by Phil Ambroziak
On the trail of top notch outdoor recreation? Look no further than the St. Cyr Hills east of Meadow Lake.
That’s what Peter Schalm, president of the St. Cyr Trails Club, and other outdoor enthusiasts have to say, particularly given the fact a new section of trail has recently opened up to provide for an even greater experience for hikers, skiers and cyclists alike.
“Most locals are probably familiar with the St. Cyr trails at the St. Cyr Recreational Site, which is owned by the provincial Ministry of Parks, Culture and Sport,” Schalm explained. “While the trails are owned by the province, our club is responsible for maintaining them. We trim the trees, groom the trails – things like that, while this fall we discussed with the ministry about the possibility of improving signage.”
Schalm said signs were so outdated or inadequate, there was a chance people unfamiliar with the trail system could easily become lost.
“We received grants from both the City of Meadow Lake, as well as Saskatchewan Lotteries to put up new signs,” he continued. “While doing so, we discovered one of the cross-country ski trails went right over the top of a lake. Having any trail go across open water is no longer something that is allowed, however, so we worked with the ministry to re-route this particular trail around the lake.”
This new, nine-kilometre loop was officially opened this past Saturday (Feb. 3).
“Now, year-round, people can use this trail to hike, run, ski, whatever,” Schalm said. “Hopefully, it will make the park more accommodating to members of the public who continue to enjoy these wonderful trails.”
Schalm went on to say, personally, he mountain bikes along the St. Cyr trails during the summertime.
“I also enjoy cross-country skiing and snowshoeing now that enough snow is on the ground,” he noted. “It’s a great way to get active, especially in winter when people tend not to get enough vitamin D. It’s a great experience, a lot of fun and just good for your overall health in general.”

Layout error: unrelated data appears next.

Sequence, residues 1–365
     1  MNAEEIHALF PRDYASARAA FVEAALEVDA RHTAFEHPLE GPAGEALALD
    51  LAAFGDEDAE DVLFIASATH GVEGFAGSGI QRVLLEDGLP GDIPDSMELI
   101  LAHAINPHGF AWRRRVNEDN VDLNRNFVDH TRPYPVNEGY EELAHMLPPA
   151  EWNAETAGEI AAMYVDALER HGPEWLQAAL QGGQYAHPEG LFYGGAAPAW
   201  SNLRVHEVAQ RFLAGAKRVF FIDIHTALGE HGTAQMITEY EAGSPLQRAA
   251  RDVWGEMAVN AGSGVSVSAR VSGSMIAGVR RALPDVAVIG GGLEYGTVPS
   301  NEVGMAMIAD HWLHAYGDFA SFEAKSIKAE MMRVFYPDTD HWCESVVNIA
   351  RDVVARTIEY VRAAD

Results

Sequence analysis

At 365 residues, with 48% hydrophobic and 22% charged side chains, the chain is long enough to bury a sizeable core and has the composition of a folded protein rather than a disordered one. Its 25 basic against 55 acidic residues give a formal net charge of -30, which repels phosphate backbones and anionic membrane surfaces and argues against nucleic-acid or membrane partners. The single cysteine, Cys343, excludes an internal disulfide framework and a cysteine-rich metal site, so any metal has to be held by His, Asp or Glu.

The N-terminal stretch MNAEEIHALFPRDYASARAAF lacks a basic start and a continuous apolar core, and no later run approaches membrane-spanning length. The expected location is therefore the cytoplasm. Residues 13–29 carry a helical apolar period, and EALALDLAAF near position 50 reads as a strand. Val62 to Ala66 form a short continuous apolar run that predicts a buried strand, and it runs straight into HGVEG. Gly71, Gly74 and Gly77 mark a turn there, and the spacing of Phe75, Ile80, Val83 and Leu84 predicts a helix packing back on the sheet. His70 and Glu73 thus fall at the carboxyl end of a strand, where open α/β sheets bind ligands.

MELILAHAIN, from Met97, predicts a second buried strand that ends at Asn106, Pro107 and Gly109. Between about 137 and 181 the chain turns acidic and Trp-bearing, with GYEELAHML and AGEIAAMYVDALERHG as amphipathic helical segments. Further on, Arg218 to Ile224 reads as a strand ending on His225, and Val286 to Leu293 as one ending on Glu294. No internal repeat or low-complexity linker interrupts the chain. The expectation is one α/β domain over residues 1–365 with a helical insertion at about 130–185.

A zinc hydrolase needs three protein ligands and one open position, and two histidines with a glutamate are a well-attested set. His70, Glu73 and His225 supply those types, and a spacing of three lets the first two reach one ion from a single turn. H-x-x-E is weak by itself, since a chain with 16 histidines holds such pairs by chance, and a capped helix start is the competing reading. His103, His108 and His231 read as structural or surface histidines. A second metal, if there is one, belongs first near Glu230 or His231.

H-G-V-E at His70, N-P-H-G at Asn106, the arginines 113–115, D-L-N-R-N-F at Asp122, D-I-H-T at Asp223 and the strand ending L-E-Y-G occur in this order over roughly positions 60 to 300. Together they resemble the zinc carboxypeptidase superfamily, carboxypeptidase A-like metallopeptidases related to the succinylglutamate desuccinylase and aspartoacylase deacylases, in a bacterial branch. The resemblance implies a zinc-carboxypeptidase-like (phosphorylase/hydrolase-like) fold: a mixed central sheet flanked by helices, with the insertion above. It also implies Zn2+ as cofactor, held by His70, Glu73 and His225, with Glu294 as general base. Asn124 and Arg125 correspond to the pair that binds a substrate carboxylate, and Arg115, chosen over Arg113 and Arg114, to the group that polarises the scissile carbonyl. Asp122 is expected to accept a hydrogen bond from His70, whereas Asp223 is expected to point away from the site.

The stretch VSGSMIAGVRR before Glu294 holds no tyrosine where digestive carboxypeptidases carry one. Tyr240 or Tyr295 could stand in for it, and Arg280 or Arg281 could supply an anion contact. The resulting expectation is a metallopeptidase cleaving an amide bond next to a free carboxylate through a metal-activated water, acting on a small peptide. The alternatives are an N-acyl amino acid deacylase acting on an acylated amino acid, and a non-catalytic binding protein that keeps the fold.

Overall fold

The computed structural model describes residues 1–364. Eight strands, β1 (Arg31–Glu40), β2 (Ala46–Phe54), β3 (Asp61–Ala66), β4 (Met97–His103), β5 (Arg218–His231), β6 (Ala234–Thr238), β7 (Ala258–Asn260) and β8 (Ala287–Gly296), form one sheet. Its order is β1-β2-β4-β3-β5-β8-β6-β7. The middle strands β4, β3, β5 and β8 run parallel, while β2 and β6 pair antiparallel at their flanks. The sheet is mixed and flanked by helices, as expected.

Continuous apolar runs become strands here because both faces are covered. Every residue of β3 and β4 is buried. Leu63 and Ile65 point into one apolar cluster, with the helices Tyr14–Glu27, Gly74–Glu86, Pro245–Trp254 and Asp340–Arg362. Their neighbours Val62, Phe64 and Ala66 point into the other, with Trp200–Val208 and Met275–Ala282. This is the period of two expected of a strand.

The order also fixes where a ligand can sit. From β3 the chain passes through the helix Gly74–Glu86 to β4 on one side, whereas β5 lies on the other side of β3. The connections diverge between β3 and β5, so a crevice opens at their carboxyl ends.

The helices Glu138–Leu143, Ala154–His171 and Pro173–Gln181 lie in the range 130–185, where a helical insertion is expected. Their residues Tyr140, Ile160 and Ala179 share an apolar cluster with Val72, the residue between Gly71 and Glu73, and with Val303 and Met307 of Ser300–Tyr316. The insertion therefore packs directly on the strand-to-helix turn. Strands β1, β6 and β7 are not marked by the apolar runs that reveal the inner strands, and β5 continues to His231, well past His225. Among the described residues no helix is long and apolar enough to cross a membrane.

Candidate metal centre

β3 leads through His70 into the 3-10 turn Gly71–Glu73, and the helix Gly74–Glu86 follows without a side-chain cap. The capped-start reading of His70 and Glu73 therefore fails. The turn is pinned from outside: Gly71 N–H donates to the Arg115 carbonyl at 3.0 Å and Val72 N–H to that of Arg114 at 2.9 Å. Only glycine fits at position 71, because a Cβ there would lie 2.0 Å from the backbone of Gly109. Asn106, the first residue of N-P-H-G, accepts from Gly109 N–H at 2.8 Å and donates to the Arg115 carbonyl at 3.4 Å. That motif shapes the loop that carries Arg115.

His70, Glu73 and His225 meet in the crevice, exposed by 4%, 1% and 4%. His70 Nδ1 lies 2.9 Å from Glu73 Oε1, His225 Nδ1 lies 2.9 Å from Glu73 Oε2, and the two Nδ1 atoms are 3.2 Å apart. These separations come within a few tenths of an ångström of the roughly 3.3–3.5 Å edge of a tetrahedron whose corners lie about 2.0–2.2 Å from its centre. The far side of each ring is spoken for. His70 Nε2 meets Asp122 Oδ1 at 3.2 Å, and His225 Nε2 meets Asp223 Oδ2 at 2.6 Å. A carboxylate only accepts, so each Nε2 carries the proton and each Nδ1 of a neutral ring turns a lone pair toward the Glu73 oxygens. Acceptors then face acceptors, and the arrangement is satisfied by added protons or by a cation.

Among those on hand for the grand opening were ministry representatives including park interpreter Lillian Neilly and park area manager Colette Schmalz.
“We’re proud of what you have done,” Neilly told members of the club who were also in attendance. “This is a beautiful resource and the more we can promote it and get people connected to nature – which is one of our main goals – the better. We appreciate all your hard work.”
“We wouldn’t be able to maintain this trail without your efforts,” she said. “We don’t have the resources, so if the club wasn’t doing it, it wouldn’t be as it is today.”
According to Schalm, the grand opening was a way for the club to recognize sponsors and to let people know of the new, year-round trail.
“The club itself has been around since the 1980s, but we’re always looking for new members and volunteers,” he added. “We have a long history when it comes to maintaining the recreational component of the local community.”